Entertainment Briefs


Journey to reunite at Rock Hall induction

DAYTON, Ohio (AP) — Journey keyboardist Jonathan Cain says former singer Steve Perry will be in attendance when the band is inducted into the Rock and Roll Hall of Fame.

Cain tells the Dayton Daily News (http://bit.ly/2mWbZD5) that “the ceremony is the first time we’re going to get to see Steve Perry in a long time.” As for the prospects of Perry performing with the band, Cain said that, as far as they know, Perry is “just going to accept the award and then skedaddle.” He says current singer Arnel Pineda will “represent well.”

Perry led the band to the height of its popularity in the 1980s with hits like “Don’t Stop Believin’” and “Faithfully.”

Journey will go into the Rock Hall on April 7 alongside Yes, Electric Light Orchestra, Joan Baez, Tupac Shakur and Pearl Jam.

Ohio poet files lawsuit against ICP

DETROIT (AP) — An Ohio man says Detroit rap-metal group the Insane Clown Posse and member Joseph Bruce used a poem he wrote without his consent.

Stanley Gebhardt filed the copyright infringement suit Tuesday in federal court in Detroit.

It seeks monetary damages and asks a judge to force Bruce and the group to stop using Gebhardt’s “But You Didn’t.”

The suit says the poem, about a father-son relationship, was copyrighted in 1993.

Gebhardt’s attorney, Michael Dezsi, tells the Detroit Free Press (http://on.freep.com/2oCXtwB ) his client learned in 2015 that a video of Bruce reciting the poem had been posted on YouTube. Bruce, who goes by the stage name Violent J, called it “Violent J’s Poem.”

The Associated Press left a voicemail Thursday seeking comment from attorney Howard Hertz, who represents the Insane Clown Posse.

Artist Julian Stanczak dies at age 88

SEVEN HILLS, Ohio (AP) — Julian Stanczak, an artist known worldwide for his brightly colored, geometric Op art, has died. He was 88.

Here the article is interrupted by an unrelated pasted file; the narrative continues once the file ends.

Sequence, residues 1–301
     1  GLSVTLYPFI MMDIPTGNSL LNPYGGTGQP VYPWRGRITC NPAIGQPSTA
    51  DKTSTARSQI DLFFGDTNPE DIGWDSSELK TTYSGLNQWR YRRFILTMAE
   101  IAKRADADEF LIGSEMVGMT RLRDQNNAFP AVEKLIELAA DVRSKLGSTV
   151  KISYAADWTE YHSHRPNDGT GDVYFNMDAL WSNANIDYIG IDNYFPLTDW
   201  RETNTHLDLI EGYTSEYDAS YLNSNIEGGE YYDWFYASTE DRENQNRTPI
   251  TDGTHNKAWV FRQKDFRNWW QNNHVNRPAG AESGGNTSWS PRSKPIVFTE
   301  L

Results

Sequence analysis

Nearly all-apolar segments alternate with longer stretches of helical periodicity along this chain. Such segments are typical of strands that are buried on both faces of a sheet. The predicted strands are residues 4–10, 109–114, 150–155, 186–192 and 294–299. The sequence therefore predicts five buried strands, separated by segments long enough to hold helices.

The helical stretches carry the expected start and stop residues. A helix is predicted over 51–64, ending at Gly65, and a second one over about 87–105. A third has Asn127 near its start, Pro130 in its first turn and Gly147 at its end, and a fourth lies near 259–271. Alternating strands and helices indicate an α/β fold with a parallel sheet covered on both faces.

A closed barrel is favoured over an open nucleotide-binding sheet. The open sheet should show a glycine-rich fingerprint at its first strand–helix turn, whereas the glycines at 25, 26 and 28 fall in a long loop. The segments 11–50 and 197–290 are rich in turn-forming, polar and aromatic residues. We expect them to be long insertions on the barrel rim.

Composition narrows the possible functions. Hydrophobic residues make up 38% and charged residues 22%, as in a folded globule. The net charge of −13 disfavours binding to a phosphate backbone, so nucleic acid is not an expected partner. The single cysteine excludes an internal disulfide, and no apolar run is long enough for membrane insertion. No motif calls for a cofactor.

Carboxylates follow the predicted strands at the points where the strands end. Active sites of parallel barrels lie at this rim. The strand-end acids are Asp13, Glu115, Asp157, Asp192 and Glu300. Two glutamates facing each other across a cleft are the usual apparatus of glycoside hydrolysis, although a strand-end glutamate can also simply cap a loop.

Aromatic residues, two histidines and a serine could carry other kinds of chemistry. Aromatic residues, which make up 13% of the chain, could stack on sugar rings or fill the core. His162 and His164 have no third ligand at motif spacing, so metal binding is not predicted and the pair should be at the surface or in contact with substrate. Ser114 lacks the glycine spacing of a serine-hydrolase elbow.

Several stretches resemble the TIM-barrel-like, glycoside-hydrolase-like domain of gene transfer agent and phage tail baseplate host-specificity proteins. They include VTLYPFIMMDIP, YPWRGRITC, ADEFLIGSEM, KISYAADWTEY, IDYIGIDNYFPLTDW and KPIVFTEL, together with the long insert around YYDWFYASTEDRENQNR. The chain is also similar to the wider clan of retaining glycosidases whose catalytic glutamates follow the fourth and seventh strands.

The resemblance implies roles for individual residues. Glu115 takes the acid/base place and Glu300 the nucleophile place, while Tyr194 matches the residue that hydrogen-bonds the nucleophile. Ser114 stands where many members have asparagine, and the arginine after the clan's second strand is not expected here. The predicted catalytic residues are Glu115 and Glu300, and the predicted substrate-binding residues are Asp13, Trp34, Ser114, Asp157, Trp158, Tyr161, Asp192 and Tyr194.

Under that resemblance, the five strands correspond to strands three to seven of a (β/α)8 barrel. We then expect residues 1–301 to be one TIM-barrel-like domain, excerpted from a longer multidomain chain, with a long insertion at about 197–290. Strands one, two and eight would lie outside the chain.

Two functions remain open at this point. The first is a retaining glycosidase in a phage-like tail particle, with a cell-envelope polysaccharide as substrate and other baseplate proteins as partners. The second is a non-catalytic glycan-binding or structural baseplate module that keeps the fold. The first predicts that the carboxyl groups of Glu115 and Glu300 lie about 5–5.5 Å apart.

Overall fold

Stanczak died March 25 at his home in the Cleveland suburb of Seven Hills, Ohio, said Diane Rosenstein, whose Los Angeles-based gallery represents Stanczak. She said he died after a brief illness.

The Polish-born artist’s work is included in the collections of more than 80 museums. He became more widely known to the public through the 1965 Museum of Modern Art exhibit “The Responsive Eye.” He’d had his first major solo exhibition of his “Optical Paintings” the year before.

During World War II, Stanczak was sent to a concentration camp in Siberia. There the right-handed Stanczak permanently lost the use of his right arm and had to become left-handed. After escaping from the camp, he joined the Polish army-in-exile in Persia (now Iran) and then deserted it.

He later spent time in a refugee camp in Uganda. He began taking private art lessons there and learned to paint with his left hand.

In 1950, he moved to Cleveland and found his artistic home.

He received his bachelor of fine arts degree at the Cleveland Institute of Art, where he later was a professor. His master’s degree in fine arts came from Yale University.

Over the years, Stanczak’s paintings have been included in museum collections across the United States and abroad.

He is survived by his wife, artist Barbara Meerpohl; a daughter, Danusia M. Casteel; and a son, Krzys M. Stanczak.